Chris Andersen said he won't change. He has been advised by his
A day after being suspended by the
"I'm not going to change who I am and how I play," he said following the morning shootaround at
Actually, Andersen, known for his colorful tattoos, Mohawk haircut and "Birdman" nickname, has been asked to change, or at least advised of the impending consequences.
"I had a discussion with him and that's between he and I," coach
A review of Andersen's fouls in these playoffs show he is at three points on the NBA's flagrant-foul scale this postseason, when counting a Flagrant 1 foul that was upheld by the league during the second round against the
Because of that, the team's staff met with Andersen and explained that even if he is called for a Flagrant 1 foul this postseason, which would not mandate ejection, he automatically would be suspended from the next game, unless such a call is overturned by the league office.
As for the Flagrant 1 call in Game 5 that was upgraded Friday upon league review, Andersen said, "It was their decision. They made it clear it was a Flagrant 2, and it is what it is I have to deal with, the repercussions of it and I'm missing this game."
The shove of with Hansbrough was followed up with an attempt to get back at the scrappy Pacers forward by pushing past referee Marc Davis.
In changing the ruling to a Flagrant 2, which would have mandated immediate ejection if it was called on the floor at the time, the NBA said Andersen was cited because of how he, "resisted efforts to bring the altercation to an end."
Andersen, who participated in the morning shootaround and shot free throws afterward, with cardio and lifting plans for later in the day, declined Saturday to discuss the play.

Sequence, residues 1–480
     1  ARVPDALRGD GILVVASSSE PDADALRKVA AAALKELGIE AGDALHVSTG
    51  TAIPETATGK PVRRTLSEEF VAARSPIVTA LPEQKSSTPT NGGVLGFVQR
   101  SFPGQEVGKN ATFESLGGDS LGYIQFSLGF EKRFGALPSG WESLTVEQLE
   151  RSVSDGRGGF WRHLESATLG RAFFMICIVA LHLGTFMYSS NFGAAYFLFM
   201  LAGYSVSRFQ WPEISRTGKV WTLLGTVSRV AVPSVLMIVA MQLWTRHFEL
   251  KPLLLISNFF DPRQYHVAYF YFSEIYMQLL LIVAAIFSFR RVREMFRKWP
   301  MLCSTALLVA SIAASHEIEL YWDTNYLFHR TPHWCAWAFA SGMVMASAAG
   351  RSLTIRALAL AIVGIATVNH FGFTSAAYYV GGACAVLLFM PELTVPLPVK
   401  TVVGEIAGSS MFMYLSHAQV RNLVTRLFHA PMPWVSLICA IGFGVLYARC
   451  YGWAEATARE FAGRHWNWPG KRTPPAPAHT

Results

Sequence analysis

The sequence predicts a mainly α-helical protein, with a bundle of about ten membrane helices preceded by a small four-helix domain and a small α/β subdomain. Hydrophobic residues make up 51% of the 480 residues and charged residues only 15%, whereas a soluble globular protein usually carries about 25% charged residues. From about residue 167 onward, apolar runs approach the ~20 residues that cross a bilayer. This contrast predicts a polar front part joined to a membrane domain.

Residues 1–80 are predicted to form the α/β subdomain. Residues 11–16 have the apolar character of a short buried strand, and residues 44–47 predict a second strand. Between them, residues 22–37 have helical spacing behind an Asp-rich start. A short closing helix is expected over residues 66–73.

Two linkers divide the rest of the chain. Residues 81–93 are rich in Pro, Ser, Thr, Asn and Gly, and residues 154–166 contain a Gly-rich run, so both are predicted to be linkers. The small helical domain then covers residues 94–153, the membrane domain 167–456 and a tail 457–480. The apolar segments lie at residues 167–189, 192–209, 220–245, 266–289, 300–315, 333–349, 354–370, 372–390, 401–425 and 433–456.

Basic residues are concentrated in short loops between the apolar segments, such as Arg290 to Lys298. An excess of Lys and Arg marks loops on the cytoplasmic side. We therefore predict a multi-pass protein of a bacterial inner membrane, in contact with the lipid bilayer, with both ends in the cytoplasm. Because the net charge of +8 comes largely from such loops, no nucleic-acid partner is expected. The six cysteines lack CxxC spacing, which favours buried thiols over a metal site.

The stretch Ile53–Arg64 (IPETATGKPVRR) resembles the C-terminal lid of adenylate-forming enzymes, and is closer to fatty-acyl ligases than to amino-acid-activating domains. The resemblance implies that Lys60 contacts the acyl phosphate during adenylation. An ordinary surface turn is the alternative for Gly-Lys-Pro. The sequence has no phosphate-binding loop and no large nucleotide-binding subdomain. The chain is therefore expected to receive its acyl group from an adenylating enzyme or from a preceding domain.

"Man, it doesn't matter at this point," he said, having previously declined comment following Thursday's game and then not being made available following Friday's practice at
Spoelstra said there was no value in debating the league's approach.
"We have to accept it and move on, and we already did," he said. "We went through that process [Friday]. It doesn't matter, it's irrelevant whether we agree or disagree. We talked with the league [Friday]. That was what they decided."
Andersen said the incident was about more than the aggressive tactics of Hansbrough.
"It's not just one individual," he said. "It's been a tough series. It's been a very, very strong battle in the paint and a physical battle all over the floor. It's not just Tyler.
"I'm new to the East Coast. No history. Like I said, it was the heat of the moment, man."
He said he already has moved on.
"I can't regret it," he said. "I just have to be positive. I can't sit here and dwell on it."
He said there has been strong support in the locker room.